Optimizing Golang Performance (1): Memory Related

Posted by MatrixOriginPublished on


Nowadays, with the booming cloud native ecosystem driven by Kubernetes, Docker, and many other star projects, more and more startups as well as big companies in China have started to pay attention to Golang. There are more books, blogs, and articles introducing Golang, and there are a lot of very high-quality materials among them. There is enough information in the industry, so this article will not cover any particular aspect of Golang. Instead, it will focus on the advantages of Golang from a practical engineering perspective. This is because in the course of my work, I have noticed some frustrating code, some of which even comes from senior programmers.

Here's an overview of the table of contents which would be introduced in this week. We'll start with memory-related topics:

Part 1: Compiler Memory Escape Analysis

Let's start with this code:

package main

func makeBuffer() []byte {
    return make([]byte, 1024)

func main() {
    buf := makeBuffer()
    for i := range buf {
        buf[i] = buf[i] + 1

The sample code in the function makeBuffer return memory is located on the function stack. In C, this is a piece of wrong code that will lead to undefined behavior.

In Go, such writing is allowed, and the Go compiler performs escape analysis: when it finds a piece of memory that cannot be placed on the function stack, it places it on the heap. For example, makeBuffer returns stack memory upwards, and the compiler automatically places memory on the heap.

The -m option allows you to view the results of the compiler analysis:

$ go build -gcflags="-m" escape.go
# command-line-arguments
./escape.go:8:6: can inline main
./escape.go:5:13: make([]byte, 1024) escapes to heap

In addition to this, there are other cases where memory "escapes" can be triggered:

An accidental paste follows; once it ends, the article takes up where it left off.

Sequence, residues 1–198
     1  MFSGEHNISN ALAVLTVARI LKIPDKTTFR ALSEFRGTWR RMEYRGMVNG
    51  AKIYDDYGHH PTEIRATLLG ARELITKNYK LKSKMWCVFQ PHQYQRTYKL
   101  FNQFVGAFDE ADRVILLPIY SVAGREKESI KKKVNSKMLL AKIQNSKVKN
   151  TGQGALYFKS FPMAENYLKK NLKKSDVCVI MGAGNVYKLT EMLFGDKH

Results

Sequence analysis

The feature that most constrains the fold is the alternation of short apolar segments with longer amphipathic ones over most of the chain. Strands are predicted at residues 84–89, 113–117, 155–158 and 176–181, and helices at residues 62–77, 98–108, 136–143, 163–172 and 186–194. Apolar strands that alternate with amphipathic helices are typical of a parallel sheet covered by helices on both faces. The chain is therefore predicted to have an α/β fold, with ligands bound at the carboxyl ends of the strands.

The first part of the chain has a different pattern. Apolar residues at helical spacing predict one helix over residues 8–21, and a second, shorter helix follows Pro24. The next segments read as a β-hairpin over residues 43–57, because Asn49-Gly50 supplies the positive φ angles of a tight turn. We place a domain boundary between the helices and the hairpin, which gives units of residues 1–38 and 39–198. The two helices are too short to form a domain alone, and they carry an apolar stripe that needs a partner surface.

• Global variables, since they can be accessed concurrently by multiple goroutines.
  • Pointer transfers through channels.
    type Hello struct { name string }
    ch := make(chan *Hello, 1)
    ch <- &Hello{ name: "world"}
  • A pointer is held in a structure passed through the channel.
    type Hello struct { name *string }
    ch := make(chan *Hello, 1)
    name := "world"
    ch <- Hello{ name: &name }
  • Local variables are too large to be placed on the function stack.
  • The size of a local variable is unknown at compile time, e.g. s := make([]int, 1024) might not be placed on heap memory, but s := make([]int, n) will be placed on heap memory because its size n is a variable.
  • An append operation on a slice triggers a reallocation of its underlying array.

Note: The above list is not exhaustive and is subject to change as Go evolves.

During development, if programmers do not pay attention to the Golang compiler's memory escape analysis, they may write code that results in "extra" dynamic memory allocations, which are often associated with performance problems (more on this later in the Golang gc chapter).

The example code gives us the inspiration: pay attention to the design of the function signature, try to avoid unnecessary memory allocation due to irrational design of the function signature. The cockroach encoding function is a good example of how returning a slice upwards can trigger memory escapes, while passing a slice downwards does not.

Part 2: Interface{}/any

any was introduced in Golang 1.18 and is equivalent to interface{}.

type any = interface{}

In Golang, an interface is implemented as a "fat" pointer: one to the actual data, and one to a table of function pointers (similar to the table of virtual functions in C++).

Let's look at the following code:

package interfaces

import (

var global interface{}

func BenchmarkInterface(b *testing.B) {
  var local interface{}
  for i := 0; i < b.N; i++ {
    local = calculate(i) // assign value to interface{}
  global = local

// values is bigger than single machine word.
type values struct {
  value  int
  double int
  triple int
func calculate(i int) values {
  return values{
    value:  i,
    double: i * 2,
    triple: i * 3,

In the performance test BenchmarkInterface, we assign the result returned by the calculate function to a variable of type interface{}.

Next, we perform a memory profile on the BenchmarkInterface: